how to handle future orders

I have long struggled with ways to handle busy friday and saturday nights when people want to place an order in advance for, say, 6pm. We are a first come first serve, counter service, pizzeria who does roughly 60% of our sales in take out orders. Because everyone wants dinner pizza about the same time, we get clogged up taking these future orders and it pushes our wait time for everyone else. Last year we started charging a 20% service fee for 2 reasons: 1) to deter people from calling ahead during those busy times and 2) essentially we allowing people to butt in line and charging them for the convenience.
I don’t like this system and am wondering what other pizza places do. Does everyone take future orders? Do you charge extra? How do you control the flow?

Do you use a POS?

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Our pos closes out every 15 minute time slot for deferred orders so it caps at a certain amount. We simply cannot make everyone happy.
If they want a specific time , they are told to call 45min to 1 hour before they want the delivery ,but we can’t guarantee the time. It will get there when it gets there. When calling , they get the estimated time.

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We love future orders. Helps us plan better. Sounds like you are busier than what your location can handle. What can you do to to increase production?

Im having this issue also, I tell the customers who order future orders for the rush I need a 15 minute window either way- earlier, on time, or late. TBH it doesnt help much.

Ive came to the conclusion delivery is just a shitshow no matter what you do.

I agree with Pizzapirate, timed orders are great as they allow us to plan ahead. It is rare that my ovens are at full capacity for long periods of time so struggles with business are more of a prep and labor issue. Orders placed ahead of time help me avoid these as I can prep appropriately and have staff stay late or come in early as needed.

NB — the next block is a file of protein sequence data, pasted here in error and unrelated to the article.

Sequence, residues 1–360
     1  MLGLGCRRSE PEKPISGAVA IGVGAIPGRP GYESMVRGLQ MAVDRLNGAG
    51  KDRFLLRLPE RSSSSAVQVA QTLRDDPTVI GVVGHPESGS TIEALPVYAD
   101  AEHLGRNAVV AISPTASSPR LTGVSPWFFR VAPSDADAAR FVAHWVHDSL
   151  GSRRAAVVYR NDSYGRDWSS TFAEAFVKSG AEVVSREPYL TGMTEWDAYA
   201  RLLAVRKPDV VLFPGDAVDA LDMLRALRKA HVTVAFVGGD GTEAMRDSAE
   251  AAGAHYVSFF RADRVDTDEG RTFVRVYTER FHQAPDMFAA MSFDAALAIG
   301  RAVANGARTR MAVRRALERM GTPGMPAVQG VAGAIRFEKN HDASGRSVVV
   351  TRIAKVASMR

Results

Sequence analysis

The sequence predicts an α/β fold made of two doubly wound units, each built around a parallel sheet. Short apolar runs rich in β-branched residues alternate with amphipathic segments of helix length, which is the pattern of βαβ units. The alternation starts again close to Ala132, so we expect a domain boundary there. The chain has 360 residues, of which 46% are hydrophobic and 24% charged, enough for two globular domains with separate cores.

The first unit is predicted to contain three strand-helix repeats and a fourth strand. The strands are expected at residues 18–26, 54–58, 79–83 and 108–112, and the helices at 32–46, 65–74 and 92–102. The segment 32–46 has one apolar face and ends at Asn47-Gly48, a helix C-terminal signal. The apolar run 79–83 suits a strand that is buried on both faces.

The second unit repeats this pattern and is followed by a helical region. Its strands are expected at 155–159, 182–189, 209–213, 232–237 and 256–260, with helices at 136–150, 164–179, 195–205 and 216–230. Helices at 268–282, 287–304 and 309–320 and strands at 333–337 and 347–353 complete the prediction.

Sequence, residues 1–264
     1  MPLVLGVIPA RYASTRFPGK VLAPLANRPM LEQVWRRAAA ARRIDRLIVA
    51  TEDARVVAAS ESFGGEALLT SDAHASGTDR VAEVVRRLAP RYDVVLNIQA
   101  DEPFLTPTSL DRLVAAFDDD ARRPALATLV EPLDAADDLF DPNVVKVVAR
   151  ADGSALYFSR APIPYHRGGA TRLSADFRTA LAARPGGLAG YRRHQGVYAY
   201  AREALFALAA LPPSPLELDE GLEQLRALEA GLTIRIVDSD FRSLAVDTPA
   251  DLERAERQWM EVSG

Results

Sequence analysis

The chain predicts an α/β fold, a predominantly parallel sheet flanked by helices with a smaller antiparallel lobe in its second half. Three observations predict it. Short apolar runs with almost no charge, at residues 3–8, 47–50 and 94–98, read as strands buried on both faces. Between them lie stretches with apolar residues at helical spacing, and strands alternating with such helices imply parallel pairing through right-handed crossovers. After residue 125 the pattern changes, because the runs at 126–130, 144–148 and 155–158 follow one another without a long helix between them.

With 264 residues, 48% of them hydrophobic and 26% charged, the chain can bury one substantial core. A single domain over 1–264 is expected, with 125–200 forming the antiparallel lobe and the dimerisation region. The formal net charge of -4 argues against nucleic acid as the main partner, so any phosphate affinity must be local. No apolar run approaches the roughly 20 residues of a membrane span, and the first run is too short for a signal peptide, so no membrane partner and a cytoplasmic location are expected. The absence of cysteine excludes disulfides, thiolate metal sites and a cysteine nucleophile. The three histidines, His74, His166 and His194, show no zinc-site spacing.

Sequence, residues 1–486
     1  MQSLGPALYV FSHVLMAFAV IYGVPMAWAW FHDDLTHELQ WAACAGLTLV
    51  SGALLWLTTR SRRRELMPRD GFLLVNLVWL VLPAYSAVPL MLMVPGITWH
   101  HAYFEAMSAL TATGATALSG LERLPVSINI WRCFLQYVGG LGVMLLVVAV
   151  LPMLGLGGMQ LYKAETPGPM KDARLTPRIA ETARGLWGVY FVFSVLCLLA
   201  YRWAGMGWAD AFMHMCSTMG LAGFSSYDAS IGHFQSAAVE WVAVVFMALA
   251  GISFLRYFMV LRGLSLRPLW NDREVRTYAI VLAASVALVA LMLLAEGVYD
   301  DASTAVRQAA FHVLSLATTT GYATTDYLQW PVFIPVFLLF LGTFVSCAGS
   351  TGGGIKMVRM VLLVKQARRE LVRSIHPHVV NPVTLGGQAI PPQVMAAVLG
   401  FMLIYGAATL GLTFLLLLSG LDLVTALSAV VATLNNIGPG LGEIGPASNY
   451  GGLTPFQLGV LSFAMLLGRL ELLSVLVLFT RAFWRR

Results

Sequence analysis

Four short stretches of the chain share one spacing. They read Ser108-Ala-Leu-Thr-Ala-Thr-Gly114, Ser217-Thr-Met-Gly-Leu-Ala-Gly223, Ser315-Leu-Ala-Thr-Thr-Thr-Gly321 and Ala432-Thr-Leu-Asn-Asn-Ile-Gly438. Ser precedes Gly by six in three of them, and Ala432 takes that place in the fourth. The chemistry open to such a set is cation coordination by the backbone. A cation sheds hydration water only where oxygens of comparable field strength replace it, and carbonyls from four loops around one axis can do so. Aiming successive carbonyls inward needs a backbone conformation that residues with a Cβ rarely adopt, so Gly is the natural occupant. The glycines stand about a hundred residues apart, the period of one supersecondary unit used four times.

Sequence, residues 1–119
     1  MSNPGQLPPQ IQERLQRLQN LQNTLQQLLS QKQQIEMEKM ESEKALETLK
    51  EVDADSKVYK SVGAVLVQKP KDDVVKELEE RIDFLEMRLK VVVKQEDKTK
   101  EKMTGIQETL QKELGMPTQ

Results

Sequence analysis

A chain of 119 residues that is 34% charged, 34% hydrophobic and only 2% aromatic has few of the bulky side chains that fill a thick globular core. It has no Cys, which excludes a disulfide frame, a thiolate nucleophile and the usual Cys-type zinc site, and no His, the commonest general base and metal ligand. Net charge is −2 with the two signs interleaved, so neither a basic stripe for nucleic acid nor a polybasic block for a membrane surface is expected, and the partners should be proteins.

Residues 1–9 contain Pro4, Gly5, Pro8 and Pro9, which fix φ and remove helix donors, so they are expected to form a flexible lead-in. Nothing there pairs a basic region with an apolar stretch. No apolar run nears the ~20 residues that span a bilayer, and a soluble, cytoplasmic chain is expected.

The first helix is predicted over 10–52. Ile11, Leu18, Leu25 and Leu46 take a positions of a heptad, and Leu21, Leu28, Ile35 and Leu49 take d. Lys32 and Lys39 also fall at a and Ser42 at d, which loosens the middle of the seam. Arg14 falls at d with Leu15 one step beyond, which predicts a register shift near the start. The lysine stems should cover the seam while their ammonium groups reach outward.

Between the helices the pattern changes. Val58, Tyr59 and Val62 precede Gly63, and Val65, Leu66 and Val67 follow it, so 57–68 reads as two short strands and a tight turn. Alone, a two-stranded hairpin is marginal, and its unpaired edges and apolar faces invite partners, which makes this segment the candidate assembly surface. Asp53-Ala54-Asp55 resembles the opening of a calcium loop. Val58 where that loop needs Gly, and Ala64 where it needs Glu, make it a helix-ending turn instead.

Clogged up how? Let us know specifically where you’re running into problems and maybe we can offer some ideas to break the logjam. When you get an order on Friday morning for 10 pizzas that’s supposed to be ready at 6:00 p.m. on Friday, what are your procedures from start to finish?

I agree with paul who agrees with pirate. My campus store does crazy amounts of business at lunchtime and the vast majority of it is large orders placed in advance delivered at a specific time. And it’s the easiest, most profitable business we do because we know what needs to be done before the day even begins. I honestly wish all my orders were placed in advance!

We actually encourage it: [MEDIA=facebook]10153231256371813[/MEDIA]

Future orders always get first priority for us. Delivery times for current order might get pushed back to accomodate a timed order. We encourage our customers to place large orders a day in advance, but we don’t require it. Not sure why you would want to deter people from ordering ahead of time. If somebody is going to be ordering 50 pizzas during Friday night rush, I would much rather know about it ahead of time so I am prepared and can stay ahead of it.

How many pizzas did you dish out that day? We do a similar lunch business generally about 300 to 500 pizzas by noon.

Not sure to be honest. All I remember specifically about that day was that we had 100 additional 16" pizzas going out to the school corporation in a neighboring town. That’s the reason we had our guy come in and make a video, we knew it would look great with all those racks filled up. Our “regular” pizzas are pan style, so stacks of those aren’t quite as visually interesting.